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Three Boys, One Bridge and a Train

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Three Boys, One Bridge and a Train

Three Boys, One Bridge and a Train

Three Boys, One Bridge and a Train

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  • <iframe src="https://www.npr.org/player/embed/5416742/5417084" width="100%" height="290" frameborder="0" scrolling="no" title="NPR embedded audio player">
  • Transcript

Dan E. Andrews Jr., and his daughter, Mary McCormick, spoke recently at a StoryCorps mobile booth in San Diego. StoryCorps hide caption

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StoryCorps

Mary McCormick's father, Dan E. Andrews Jr., grew up during the Great Depression. So naturally Mary is curious about what his experiences were like living in America's Dust Bowl region. The story Andrews shared resembles something out of a movie.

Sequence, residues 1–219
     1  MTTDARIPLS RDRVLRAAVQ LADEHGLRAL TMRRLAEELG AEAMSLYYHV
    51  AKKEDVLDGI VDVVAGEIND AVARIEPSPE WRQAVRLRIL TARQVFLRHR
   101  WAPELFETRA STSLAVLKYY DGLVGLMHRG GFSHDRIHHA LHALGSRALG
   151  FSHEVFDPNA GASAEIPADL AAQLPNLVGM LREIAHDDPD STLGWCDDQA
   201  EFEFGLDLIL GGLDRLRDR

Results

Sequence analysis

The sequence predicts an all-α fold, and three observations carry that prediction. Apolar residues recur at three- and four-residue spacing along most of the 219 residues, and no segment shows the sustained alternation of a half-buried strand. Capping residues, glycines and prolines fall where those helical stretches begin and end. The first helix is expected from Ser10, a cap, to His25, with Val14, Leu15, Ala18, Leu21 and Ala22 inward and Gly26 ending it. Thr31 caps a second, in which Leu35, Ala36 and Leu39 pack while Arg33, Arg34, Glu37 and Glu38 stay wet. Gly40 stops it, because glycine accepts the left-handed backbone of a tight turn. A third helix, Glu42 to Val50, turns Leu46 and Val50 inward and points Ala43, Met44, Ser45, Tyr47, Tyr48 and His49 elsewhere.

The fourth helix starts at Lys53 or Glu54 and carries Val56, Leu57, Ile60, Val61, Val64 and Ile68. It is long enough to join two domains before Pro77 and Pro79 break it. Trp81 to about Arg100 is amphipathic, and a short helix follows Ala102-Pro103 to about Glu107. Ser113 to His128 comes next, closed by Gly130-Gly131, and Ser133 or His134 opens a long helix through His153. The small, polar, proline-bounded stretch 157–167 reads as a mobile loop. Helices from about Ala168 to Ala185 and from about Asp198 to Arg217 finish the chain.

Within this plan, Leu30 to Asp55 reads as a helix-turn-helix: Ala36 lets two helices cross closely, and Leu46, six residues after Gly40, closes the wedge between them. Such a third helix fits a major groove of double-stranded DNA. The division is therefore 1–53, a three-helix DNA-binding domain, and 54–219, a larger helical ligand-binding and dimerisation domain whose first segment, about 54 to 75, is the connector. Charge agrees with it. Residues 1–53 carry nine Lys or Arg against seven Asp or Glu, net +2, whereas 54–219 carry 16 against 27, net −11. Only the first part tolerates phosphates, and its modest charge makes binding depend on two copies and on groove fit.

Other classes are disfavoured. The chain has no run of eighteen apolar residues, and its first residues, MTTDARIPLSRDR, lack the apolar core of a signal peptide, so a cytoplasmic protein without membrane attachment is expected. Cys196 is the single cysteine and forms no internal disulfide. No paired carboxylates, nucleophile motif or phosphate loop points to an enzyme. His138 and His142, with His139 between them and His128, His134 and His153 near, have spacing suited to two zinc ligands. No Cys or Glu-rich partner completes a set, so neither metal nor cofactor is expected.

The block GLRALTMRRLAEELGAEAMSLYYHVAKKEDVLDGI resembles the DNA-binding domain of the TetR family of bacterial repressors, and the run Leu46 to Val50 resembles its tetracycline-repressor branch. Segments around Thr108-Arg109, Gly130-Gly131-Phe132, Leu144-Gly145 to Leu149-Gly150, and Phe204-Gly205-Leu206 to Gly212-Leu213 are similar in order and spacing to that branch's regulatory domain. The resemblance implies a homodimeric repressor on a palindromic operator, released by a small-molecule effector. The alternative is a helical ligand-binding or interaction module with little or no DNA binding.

It all started when Andrews and a friend were walking along a train track, looking for coal that was cast off from the trains along the railroad. It was, he says, "really, really a cold winter." Taking advantage of a Christmas break from school, the two had taken the little brother of Andrews' friend along.

With snow covering most of the coal, the boys decided to walk across a trestle to look for more.

But when they were midway across the bridge, they realized an express train was bearing down on them. And in the scramble to get to the safety of the other side, the youngest boy's shoe got wedged between the trestle timbers, in the center of the track.

What followed, Andrews says, was a flurry of fast action and quick thinking. And still, he says, "The steam from the engine showered us."

Throughout the country, StoryCorps is recording the memories and conversations of everyday people. The interviews are archived at the Library of Congress' American Folklife Center and played on Morning Edition.

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